In today’s world of life-like CGI and augmented and virtual reality, your aesthetic and approach has a distinctly lo-fi and inventive, almost archaic quality about it. Is this something that’s intentional? Please tell us a little more about this.

Well, yes it is definitely intentional. Being a puppeteer I have an affinity for objects and raw materials. I enjoy the tactileness of the sand and the paper and there is an earthiness and a warmth within these lo-fi objects. It is their imperfection that conveys emotion in a different way to CGI. The work of Ray Harryhausen, one of the fathers of stop motion has stood the test of time and has inspired generations of filmmakers. I think we connect differently with real objects than we do with CGI animations.

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You’ve just returned from the Krok International Animation Film Festival. Have you gained any fresh perspectives on your work after seeing it screened alongside films from all over the world?

Yes most definitely. Having a film screened at KROK was a huge honour for me as I was surrounded by the best of the best animators from all over the world who often work with big studios. It was a very humbling and inspiring experience. Looking at my own work, ’n Gewone blou Maandagoggend (translated as An ordinary blue Monday), a film based on the poem by Ronelda Kamfer that tells the story of the everyday life in a ghetto, confirmed how important a strong story is when entering a film into international festivals. I also saw that the low-fi approach still has an important place in the animation film industry.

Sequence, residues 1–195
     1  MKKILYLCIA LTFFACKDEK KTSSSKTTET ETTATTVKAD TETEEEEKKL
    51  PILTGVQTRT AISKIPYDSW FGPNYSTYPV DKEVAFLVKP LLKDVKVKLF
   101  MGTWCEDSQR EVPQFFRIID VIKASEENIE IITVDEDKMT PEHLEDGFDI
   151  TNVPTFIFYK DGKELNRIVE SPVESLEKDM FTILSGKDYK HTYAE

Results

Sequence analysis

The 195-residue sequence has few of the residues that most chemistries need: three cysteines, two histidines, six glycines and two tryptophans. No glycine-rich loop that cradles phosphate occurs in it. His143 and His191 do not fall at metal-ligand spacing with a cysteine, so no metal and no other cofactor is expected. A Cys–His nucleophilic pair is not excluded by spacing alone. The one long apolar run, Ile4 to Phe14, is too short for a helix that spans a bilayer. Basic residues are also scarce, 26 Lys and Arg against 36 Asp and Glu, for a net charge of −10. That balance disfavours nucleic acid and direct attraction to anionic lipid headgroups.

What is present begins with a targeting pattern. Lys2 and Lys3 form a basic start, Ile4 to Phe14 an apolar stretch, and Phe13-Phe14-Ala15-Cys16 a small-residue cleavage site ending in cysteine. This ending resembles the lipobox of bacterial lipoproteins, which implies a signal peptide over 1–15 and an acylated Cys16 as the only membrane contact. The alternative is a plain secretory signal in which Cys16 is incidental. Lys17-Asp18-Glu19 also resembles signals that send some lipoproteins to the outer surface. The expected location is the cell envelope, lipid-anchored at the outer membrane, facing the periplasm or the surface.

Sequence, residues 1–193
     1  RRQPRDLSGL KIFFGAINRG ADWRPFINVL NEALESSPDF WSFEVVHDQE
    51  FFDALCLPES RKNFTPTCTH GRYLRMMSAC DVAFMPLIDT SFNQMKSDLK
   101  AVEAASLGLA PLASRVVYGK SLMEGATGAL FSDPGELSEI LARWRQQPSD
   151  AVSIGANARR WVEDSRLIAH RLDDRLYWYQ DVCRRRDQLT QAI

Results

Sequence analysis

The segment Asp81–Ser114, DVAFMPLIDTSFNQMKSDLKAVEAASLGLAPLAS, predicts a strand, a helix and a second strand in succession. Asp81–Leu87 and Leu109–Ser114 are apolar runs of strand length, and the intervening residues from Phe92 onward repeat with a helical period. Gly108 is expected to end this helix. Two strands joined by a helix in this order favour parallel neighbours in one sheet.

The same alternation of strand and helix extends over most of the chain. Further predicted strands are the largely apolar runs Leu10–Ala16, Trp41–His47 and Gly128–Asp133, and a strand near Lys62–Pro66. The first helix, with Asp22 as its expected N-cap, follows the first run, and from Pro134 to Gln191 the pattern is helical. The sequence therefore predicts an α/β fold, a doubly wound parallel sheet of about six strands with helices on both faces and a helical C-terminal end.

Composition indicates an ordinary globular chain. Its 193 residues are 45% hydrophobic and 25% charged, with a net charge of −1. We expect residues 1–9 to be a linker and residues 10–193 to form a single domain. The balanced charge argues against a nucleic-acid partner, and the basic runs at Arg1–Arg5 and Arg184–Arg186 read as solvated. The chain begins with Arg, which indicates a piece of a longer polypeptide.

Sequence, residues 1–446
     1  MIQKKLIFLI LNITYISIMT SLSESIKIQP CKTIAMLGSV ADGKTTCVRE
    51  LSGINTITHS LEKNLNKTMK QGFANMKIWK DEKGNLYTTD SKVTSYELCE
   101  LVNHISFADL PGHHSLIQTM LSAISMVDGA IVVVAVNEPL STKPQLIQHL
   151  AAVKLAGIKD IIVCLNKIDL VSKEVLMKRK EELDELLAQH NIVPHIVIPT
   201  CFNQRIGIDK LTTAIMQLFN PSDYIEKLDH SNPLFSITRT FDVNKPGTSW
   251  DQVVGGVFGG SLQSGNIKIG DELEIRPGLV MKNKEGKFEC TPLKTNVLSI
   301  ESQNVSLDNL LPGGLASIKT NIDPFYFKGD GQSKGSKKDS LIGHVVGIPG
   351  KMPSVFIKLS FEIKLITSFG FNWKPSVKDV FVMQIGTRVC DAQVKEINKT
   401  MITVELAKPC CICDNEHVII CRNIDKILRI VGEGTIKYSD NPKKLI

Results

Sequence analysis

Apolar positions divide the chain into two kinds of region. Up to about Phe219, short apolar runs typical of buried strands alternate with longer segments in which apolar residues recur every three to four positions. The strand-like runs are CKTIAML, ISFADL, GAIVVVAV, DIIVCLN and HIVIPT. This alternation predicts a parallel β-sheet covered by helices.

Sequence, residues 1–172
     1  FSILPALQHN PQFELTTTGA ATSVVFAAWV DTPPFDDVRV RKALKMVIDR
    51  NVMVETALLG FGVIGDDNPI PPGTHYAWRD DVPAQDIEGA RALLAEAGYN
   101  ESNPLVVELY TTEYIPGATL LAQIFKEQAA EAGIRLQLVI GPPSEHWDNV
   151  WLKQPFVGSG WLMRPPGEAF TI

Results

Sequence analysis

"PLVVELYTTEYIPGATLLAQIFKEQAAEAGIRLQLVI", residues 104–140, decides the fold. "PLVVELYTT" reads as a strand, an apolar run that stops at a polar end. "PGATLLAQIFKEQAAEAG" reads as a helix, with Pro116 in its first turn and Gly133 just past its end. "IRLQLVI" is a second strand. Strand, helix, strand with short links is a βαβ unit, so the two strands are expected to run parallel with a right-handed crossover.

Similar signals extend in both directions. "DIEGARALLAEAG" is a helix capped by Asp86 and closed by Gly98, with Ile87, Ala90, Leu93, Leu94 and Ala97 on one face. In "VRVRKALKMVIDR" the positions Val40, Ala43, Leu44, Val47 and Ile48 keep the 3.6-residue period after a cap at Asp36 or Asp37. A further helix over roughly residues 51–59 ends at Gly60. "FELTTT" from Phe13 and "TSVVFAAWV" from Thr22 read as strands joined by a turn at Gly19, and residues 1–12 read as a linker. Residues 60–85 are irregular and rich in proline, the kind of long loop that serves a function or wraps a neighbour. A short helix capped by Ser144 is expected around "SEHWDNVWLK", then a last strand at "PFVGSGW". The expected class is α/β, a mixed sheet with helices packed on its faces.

Can you give us a birds-eye view of your show Kontinuum that you’ll be performing at PopArt this weekend?

It is a story about a long distance relationship presented in the form of an animated graphic novel. The show consists of live drawing, some prerecorded animation sequences and live music. The music of Kontinuum is quite special as most of it is performed on a 1936 lapsteel guitar.

Lastly, what do you hope audiences take away from your work?

We want to give our audience something to reflect on, for them to access that space of introspection, like when you take in a walk in the park and your thoughts drift freely… that peacefulness that you experience of just being in the moment. We hope that our music and images will linger in people’s minds and that it will give them something to ponder on.

dryfsand.com

Watch Dryfsand’s Kontinuum at PopArt Theatre in Maboneng this weekend, 9 – 11 October. 

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[youtube width=”770″ height=”500″]https://www.youtube.com/watch?v=AisFKHMcFqk[/youtube]